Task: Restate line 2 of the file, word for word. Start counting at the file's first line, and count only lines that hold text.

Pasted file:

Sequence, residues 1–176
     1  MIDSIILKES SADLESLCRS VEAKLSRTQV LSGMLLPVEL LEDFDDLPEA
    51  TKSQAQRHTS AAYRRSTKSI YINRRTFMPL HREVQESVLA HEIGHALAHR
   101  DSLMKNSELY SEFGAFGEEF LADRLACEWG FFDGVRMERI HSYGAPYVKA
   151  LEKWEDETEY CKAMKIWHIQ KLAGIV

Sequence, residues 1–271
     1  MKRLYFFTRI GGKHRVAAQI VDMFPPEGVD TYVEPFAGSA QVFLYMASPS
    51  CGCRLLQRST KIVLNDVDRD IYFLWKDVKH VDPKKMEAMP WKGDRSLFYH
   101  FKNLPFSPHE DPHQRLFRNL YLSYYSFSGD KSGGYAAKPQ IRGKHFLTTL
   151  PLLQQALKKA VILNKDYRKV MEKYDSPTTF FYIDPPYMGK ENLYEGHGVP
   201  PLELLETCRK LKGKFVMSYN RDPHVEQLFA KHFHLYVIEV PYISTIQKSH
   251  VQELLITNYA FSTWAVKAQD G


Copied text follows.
     1  MIDSIILKES SADLESLCRS VEAKLSRTQV LSGMLLPVEL LEDFDDLPEA